Better Brands: Ashara

Every week we showcase brands who are doing things better. Whether that’s producing from more ethical sources or reducing harm on the environment using sustainable materials.
Sourcing Playground Better Brand Ashara


At Sourcing Playground, we are always looking to recognise brands that are striving to make a difference. Brands that strive towards more sustainable outcomes, in actions, not words.

This week we look at Ashara!

Sourcing Playground Better Brand Ashara

Ashara is a forward-thinking online brand based in Germany, focused on responsible activewear for women.

At their core, is the aspiration to make fashion more responsible, and that this should come at no extra cost to the planet.

This is something we at Sourcing Playground take extremely seriously as well. We would love to see the day when all brands feel this way! Ashara’s sustainable practices are deeply rooted in an appreciation for our planet, our health, and our well-being.

Ashara definitely provides a great alternative to synthetic active wear for women!

A lot of newly made synthetic fabrics are oil based, and oil is probably the most unsustainable resource out there.

Did you know that 63% of clothes worldwide are made from petrochemicals? Ashara wants to change this shocking figure.


“Our mission is to provide more sustainable fashion that performs in the gym, yoga studio, or on the run to the shops!

“We are committed to producing a collection that is ethically made, beautiful looking and at no extra cost to the planet or our skin.”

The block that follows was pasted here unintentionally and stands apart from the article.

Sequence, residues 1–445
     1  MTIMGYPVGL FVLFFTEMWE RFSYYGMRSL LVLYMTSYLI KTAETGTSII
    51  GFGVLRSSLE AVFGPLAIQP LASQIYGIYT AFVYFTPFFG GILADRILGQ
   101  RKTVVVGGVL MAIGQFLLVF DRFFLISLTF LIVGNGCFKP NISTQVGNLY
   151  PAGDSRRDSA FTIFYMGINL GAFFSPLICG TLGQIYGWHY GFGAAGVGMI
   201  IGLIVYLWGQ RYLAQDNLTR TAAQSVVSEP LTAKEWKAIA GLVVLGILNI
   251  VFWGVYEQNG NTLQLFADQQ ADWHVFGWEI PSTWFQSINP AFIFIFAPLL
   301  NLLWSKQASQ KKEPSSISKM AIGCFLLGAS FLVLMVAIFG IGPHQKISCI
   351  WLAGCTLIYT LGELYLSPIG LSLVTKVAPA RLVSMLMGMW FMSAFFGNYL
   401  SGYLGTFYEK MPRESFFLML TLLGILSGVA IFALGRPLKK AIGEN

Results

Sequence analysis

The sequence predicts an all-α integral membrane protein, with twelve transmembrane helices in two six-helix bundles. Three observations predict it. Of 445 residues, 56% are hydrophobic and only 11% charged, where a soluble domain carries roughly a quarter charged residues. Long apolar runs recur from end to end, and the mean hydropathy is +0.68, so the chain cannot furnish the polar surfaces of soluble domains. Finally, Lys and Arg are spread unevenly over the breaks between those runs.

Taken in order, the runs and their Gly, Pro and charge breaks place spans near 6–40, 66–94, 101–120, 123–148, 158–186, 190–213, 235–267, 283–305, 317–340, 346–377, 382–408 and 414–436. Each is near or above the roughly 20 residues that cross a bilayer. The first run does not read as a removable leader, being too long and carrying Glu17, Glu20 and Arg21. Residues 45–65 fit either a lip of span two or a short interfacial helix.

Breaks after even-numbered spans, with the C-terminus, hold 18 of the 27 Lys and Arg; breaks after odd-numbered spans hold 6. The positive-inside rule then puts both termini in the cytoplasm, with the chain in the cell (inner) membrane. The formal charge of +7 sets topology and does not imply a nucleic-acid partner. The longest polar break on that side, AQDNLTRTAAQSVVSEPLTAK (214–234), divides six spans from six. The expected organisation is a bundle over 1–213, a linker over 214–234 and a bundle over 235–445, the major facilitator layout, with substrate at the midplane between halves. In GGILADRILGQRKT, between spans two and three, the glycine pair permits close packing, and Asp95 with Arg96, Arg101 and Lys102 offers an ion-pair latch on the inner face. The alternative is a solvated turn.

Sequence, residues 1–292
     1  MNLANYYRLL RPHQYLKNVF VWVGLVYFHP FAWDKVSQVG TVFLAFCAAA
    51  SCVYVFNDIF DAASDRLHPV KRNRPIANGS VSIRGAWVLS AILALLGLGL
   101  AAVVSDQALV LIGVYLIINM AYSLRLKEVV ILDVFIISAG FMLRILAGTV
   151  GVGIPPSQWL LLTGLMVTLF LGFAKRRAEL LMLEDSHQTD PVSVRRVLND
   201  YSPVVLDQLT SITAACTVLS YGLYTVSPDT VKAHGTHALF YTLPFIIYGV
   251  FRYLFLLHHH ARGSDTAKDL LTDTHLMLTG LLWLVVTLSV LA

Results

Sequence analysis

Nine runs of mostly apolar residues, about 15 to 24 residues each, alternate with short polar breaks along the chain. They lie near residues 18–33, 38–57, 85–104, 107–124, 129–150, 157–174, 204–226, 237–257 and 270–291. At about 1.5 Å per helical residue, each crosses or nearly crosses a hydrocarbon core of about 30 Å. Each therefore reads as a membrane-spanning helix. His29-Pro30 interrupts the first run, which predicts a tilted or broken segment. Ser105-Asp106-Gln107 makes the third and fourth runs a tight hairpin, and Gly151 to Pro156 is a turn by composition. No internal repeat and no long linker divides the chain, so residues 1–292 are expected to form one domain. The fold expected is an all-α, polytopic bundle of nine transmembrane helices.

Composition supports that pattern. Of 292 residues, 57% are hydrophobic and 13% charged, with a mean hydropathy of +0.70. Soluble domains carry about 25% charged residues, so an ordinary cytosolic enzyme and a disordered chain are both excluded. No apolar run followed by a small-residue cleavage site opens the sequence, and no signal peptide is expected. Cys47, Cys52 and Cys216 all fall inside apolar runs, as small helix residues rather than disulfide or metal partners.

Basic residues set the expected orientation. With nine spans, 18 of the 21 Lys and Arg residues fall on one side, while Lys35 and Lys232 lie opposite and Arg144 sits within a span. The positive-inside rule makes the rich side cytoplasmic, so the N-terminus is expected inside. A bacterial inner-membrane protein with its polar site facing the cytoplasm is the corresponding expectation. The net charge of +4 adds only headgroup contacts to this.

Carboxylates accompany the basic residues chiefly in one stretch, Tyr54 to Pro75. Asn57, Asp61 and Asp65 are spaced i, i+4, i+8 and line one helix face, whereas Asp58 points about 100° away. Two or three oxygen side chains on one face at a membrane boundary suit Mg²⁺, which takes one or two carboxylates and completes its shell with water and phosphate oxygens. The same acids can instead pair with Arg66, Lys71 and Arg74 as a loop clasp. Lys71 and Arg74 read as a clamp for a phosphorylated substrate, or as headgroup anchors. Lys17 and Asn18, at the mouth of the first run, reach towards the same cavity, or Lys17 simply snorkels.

“Our mission at Ashara is to also inspire the youth of today and education is so important to enable the next generation of great leaders! With this in mind we sponsor two charities by donating 5% of every order to these two charities which enable children to grow in knowledge.

The first charity is a European charity Die Arche who are committed to promoting talent, enabling education and giving opportunities to children from socially disadvantaged backgrounds as we believe that every child brings something unique to the world.

The second charity is the Stop! Plastic academy which is part of the project which raise awareness with school children teaching them about micro plastic pollution and how to build solutions within their generation. After all the future of our planet lies in the younger generation also.”

We really like brands that give something back to the community.

Here we have a brand contributing profits to:

  • Socially disadvantaged kids.
  • An environmental awareness group focused on the damage caused by micro plastics.

Keep it up!


Ashara’s collection includes leggings, hoodies, tees and tanks to make any woman look fabulous whilst promoting more sustainable outcomes! Ashara is deeply focused on its supply chain, and how and where their garments are made. No detail is too small!

We are strong proponents of more transparent supply chains. It is something Sourcing Playground is focused deeply on as well.